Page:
How joint pediatric heart program diagnosed and treated a young girl’s rare condition

Madelyn Amburgey

A collaboration between Kentucky Children’s Hospital and Cincinnati Children’s Hospital Medical Center brings together the expertise of Kentucky’s top hospital and the country’s leading children’s hospital to create one of the top pediatric heart programs in the country, according to U.S. News & World Report.

A vibrant young patient from Central Kentucky is living proof of how that relationship is changing lives.  

Madelyn Amburgey is just like any other 8-year-old girl; she loves singing, dressing up and playing with her friends. However, she has already demonstrated remarkable resilience during her young life. 

Madelyn appeared healthy at birth, and although she was smaller than expected at merely 4 pounds, 10 ounces, she and her family were discharged from their community hospital without concerns. Madelyn was at home in Mt. Sterling for only a few days before her mother, Melinda, started noticing Madelyn was having constipation issues. Melinda took her to their primary care physician to get checked out. 

Melinda had no idea their world could change so quickly. 

“She had this head bobbing,” Melinda said. “We thought it was a natural soother, and the hospital she was born at told us it was a natural soother, so we didn’t think it was an issue.”

Madelyn’s primary care doctor was concerned and sent the Amburgeys to their local hospital. Madelyn’s health quickly worsened on the way there. Madelyn’s body temperature and oxygen were dangerously low, and her heart rate showed alarming spikes.

The local hospital was not equipped to treat Madelyn in her critical state, so after stabilizing her, they transferred her by ambulance to Kentucky Children’s Hospital.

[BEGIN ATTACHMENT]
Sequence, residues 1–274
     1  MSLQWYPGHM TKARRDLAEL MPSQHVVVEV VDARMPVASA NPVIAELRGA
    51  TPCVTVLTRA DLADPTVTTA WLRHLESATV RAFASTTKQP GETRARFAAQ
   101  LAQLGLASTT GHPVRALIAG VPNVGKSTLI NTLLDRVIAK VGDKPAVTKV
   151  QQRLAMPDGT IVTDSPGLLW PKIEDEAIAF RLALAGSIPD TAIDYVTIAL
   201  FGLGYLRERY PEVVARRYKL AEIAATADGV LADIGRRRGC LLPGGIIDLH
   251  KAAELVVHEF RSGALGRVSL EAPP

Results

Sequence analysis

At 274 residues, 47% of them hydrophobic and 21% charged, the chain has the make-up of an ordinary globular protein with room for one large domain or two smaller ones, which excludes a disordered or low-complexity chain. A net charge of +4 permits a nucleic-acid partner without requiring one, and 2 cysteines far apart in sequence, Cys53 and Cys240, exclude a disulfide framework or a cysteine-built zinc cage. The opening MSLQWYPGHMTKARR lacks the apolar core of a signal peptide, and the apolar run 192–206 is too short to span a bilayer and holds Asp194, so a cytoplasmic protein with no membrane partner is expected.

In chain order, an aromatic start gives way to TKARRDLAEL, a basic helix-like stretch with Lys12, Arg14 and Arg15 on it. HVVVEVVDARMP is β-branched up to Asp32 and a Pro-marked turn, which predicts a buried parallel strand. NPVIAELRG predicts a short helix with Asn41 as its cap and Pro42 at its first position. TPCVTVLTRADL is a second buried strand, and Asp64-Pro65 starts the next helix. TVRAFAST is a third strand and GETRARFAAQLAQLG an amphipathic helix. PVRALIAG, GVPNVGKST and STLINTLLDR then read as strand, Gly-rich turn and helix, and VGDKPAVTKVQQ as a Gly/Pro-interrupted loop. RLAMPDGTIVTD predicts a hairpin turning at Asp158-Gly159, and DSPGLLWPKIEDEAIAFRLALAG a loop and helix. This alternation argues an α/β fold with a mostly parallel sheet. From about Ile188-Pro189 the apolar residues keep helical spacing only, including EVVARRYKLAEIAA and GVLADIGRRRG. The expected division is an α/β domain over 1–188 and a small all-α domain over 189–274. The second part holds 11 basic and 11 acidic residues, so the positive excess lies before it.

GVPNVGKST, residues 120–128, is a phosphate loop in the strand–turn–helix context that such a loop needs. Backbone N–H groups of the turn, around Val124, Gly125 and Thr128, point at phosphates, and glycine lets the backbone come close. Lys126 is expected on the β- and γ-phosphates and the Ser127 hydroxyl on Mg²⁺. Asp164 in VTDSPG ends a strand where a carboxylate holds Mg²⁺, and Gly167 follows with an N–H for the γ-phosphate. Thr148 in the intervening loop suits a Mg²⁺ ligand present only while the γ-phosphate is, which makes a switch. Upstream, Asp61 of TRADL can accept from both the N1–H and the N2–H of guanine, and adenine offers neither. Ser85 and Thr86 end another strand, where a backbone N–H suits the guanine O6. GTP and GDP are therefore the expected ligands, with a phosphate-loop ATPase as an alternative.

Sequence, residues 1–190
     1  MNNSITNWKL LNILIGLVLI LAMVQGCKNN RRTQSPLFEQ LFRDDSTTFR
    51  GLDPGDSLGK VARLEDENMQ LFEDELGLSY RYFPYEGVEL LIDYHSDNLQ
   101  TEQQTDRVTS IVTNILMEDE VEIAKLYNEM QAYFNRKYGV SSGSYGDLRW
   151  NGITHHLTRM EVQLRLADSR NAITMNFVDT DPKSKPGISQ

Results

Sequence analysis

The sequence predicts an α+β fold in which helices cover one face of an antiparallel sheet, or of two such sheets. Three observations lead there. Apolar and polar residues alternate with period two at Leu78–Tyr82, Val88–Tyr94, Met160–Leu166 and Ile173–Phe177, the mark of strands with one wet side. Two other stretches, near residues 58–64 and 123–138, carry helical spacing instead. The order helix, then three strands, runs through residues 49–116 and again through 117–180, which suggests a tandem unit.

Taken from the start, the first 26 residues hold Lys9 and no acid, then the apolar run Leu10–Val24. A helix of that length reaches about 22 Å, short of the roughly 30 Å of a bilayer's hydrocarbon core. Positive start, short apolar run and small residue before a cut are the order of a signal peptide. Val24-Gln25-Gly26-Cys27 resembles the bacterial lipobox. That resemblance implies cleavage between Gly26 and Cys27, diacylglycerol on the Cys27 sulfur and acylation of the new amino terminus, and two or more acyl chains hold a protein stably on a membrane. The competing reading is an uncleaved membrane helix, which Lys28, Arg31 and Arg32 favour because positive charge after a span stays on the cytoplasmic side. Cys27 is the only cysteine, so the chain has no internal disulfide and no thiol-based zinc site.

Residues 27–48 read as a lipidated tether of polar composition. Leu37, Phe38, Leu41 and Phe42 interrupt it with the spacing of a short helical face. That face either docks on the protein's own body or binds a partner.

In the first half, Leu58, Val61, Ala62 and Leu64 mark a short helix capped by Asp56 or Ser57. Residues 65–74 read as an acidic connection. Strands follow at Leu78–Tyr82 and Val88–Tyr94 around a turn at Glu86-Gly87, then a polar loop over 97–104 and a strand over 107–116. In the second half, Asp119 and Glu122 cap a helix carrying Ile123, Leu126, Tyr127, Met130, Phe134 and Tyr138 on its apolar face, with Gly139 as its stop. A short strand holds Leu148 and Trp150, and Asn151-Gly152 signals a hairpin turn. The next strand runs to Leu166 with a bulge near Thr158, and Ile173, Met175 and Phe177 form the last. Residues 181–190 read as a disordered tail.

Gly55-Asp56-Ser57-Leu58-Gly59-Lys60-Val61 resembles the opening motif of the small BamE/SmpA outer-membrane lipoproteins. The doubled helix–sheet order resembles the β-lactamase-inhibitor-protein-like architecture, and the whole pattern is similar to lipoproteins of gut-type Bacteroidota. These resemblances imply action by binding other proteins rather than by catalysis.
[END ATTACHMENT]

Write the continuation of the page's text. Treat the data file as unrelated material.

‘I was terrified’

Madelyn Amburgey

When Madelyn arrived at Kentucky Children’s Hospital, she was critically ill and progressing towards shock.

“Her heart rate was sky high,” Melinda recalled.

Madelyn’s doctors in the Pediatric Intensive Care Unit (PICU) at Kentucky Children's Hospital emergently placed a breathing tube.

They were quick to consider a cardiac cause; a heart ultrasound confirmed an aortic coarctation, a condition where the blood vessel that leads from the heart narrows leading to insufficient blood flow to the body. 

Madelyn’s physicians initially suspected she had a lung infection based on an abnormal chest X-ray, but after further investigation discovered she only had half of her right lung and abnormal connections of her pulmonary veins.

This condition, known as scimitar syndrome, is a rare congenital heart defect affecting about 1 out of every 100,000 babies born. Madelyn’s frequent head bobbing, the Amburgey’s learned, was actually a sign of breathing difficulties.

Dr. Kristopher Cumbermack, medical director of the Congenital Echo Lab at Kentucky Children’s Hospital, has taken care of Madelyn since her initial diagnosis.

“This combination of heart and lung abnormalities is incredibly rare with only a handful of case reports previously described,” said Dr. Cumbermack. “Receiving care from the appropriate experts like those at Kentucky Children’s Hospital is critical to optimal long-term outcomes.”  

“I was terrified,” Melinda said. “We were sitting in the waiting area, and they told us we needed to go to the conference room – of course, your first thought is that they are not going to make it. That is when Dr. Cumbermack explained to us that Madelyn needed surgery.”